Friends of Reservoirs is happy to announce the approval of six grant applications from last year by the National Fish Habitat Partnership!
As a top tier Partnership, Friends of Reservoirs will receive a total of $352,056 for fish habitat work across the country. This allocation is thanks to our FOR groups and chapters and their attentiveness to nationwide habitat priorities, far-reaching partnerships and community engagement, and inclusion of best practices and science in projects. We could not do this without such great members, so thank you!
Congratulations to the applicants of the funded projects:
- Pymatuning Shoreline Stabilization and Fish Habitat, Pennsylvania ($75,000)
- Lake Shelbyville Fish Habitat Development and Restoration Project, Illinois ($30,000)
- Rend Lake Fish Habitat Development and Shoreline Protection/Restoration Project, Illinois ($40,000)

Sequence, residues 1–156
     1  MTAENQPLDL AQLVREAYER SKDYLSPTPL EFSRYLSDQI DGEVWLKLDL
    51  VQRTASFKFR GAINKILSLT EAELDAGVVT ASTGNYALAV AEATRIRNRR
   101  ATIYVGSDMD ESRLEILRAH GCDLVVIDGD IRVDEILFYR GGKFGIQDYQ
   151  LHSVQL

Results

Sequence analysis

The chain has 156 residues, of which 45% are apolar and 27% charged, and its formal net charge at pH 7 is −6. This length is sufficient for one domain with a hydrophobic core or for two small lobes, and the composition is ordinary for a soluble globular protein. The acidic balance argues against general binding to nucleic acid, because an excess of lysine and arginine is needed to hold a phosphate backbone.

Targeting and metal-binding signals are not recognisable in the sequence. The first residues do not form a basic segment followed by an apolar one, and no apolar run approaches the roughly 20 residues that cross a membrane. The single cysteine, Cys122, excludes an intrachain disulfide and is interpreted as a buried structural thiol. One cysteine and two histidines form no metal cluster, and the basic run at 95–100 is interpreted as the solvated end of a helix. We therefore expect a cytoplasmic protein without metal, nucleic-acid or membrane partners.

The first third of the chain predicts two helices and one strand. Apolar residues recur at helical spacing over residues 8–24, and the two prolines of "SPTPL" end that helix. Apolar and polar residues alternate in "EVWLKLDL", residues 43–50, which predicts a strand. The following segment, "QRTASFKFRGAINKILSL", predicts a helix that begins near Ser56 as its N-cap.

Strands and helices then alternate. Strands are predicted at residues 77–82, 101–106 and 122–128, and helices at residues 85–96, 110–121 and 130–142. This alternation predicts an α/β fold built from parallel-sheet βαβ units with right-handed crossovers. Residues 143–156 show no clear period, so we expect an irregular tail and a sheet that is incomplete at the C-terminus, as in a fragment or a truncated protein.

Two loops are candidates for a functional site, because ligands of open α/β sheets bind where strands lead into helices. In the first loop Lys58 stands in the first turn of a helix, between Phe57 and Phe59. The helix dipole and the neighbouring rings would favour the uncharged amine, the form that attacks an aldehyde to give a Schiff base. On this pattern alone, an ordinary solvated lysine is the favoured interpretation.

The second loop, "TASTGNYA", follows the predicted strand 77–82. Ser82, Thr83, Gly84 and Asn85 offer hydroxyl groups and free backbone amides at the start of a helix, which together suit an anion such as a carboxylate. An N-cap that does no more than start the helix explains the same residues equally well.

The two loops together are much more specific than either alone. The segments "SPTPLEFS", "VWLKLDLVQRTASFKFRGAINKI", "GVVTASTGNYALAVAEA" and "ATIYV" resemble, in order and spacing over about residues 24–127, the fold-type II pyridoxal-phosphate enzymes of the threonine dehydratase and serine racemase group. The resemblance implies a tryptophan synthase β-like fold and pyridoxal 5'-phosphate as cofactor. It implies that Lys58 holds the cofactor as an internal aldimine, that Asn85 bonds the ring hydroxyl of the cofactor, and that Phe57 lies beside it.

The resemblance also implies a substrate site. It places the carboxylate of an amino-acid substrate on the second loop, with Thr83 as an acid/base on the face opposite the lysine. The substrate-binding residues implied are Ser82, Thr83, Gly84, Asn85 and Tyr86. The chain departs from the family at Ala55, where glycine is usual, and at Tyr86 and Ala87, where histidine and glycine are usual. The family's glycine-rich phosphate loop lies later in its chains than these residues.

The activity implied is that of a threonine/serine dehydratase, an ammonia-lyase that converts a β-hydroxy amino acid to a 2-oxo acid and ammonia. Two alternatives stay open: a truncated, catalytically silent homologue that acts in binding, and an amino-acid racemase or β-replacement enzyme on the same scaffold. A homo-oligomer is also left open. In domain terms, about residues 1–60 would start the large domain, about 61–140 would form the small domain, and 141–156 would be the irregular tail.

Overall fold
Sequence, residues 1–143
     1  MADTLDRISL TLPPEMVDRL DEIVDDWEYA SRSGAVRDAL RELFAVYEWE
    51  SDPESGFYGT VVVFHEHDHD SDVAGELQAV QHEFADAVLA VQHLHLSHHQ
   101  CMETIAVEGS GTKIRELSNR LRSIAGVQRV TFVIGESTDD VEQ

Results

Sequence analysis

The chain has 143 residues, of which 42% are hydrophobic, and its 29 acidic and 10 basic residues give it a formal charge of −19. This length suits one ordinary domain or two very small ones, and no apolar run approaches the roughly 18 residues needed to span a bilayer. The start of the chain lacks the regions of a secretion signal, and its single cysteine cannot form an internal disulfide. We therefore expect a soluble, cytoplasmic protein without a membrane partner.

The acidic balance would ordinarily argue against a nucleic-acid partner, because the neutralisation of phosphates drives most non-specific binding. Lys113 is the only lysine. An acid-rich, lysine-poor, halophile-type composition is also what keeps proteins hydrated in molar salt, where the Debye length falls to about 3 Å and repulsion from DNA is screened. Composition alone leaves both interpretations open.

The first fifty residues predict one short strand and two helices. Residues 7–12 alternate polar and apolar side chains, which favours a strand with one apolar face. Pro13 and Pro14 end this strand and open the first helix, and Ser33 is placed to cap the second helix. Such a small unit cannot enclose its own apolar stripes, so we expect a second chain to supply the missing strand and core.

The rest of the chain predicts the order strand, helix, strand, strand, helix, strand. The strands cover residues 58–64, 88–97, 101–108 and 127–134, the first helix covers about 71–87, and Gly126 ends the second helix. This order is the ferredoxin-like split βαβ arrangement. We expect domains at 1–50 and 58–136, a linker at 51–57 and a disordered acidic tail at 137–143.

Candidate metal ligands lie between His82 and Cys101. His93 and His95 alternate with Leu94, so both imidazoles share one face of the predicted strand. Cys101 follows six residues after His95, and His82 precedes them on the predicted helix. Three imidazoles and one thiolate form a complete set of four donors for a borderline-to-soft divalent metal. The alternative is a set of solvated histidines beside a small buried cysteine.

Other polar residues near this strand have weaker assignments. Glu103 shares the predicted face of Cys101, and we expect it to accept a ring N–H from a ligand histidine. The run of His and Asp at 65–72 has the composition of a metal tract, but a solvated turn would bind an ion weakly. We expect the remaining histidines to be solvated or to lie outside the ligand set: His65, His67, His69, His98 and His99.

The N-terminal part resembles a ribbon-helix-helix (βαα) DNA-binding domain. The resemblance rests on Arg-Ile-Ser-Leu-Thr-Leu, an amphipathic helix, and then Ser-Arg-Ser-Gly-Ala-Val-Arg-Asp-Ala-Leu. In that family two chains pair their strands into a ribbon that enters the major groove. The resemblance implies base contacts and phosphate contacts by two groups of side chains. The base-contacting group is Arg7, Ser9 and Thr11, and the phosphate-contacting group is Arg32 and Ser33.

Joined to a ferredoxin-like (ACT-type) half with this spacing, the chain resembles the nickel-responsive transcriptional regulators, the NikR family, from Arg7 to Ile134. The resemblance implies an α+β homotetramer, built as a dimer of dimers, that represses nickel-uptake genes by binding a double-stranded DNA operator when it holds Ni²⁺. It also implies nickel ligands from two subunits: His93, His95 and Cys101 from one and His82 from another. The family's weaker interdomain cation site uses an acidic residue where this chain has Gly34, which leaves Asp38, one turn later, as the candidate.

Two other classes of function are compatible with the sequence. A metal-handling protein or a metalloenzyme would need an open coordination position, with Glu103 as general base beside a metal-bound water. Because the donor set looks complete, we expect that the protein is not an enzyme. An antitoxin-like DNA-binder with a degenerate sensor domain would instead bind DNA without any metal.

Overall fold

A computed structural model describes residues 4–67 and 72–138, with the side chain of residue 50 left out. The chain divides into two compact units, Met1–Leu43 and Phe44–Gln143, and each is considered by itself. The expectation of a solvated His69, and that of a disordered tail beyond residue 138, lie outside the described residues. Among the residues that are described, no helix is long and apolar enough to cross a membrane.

- Three Mile Lake Restoration Project, Iowa ($40,000)
- Farms and Fish: Utilizing Water-Saving Technology at Island Park Reservoir and the Henry’s Fork of the Snake River, Idaho ($50,000)
- McFarland Lake, Iowa (Partial funding, $75,000 requested)
Reservoir Fisheries Habitat Partnership also received its usual coordination and operational support grant ($85,000), which is used for administration and Coordinator and Outreach Coordinator salaries. The Partnership has administered 55 projects in 19 states since its inception in 2009.
We appreciate all of the applications received last year and this year. Your volunteer time, labor, and dedication is so incredibly valuable, as shown by the high level of support received by Friends of Reservoirs in FY2023. Thank you!
FY2023 Approved Projects
|Pymatuning Shoreline Stabilization and Fish Habitat||Pymatuning Lake Association||The project will stabilize highly erodible shoreline and restore structural habitat in a high public use state park. The riparian buffer will filter and slow storm water runoff and provide shade at the edge of the lake. The shoreline project will stabilize 900 linear feet of lake shore. The deflectors and rock rubble humps will provide 13,500 square feet of stabilization and rock fish habitat. The riparian buffer will improve 45,000 square feet of shoreline. The 150 proposed short vertical plank structures will provide 2,400 square feet of new wood fish habitat.|